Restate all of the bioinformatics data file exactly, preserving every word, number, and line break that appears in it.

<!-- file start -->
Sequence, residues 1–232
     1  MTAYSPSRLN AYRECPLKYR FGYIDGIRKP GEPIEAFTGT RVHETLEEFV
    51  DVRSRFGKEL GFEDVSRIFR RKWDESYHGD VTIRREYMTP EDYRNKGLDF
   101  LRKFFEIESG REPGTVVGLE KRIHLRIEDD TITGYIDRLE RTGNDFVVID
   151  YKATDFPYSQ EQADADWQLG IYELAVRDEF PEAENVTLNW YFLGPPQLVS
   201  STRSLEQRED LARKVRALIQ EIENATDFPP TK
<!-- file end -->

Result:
Sequence, residues 1–232
     1  MTAYSPSRLN AYRECPLKYR FGYIDGIRKP GEPIEAFTGT RVHETLEEFV
    51  DVRSRFGKEL GFEDVSRIFR RKWDESYHGD VTIRREYMTP EDYRNKGLDF
   101  LRKFFEIESG REPGTVVGLE KRIHLRIEDD TITGYIDRLE RTGNDFVVID
   151  YKATDFPYSQ EQADADWQLG IYELAVRDEF PEAENVTLNW YFLGPPQLVS
   201  STRSLEQRED LARKVRALIQ EIENATDFPP TK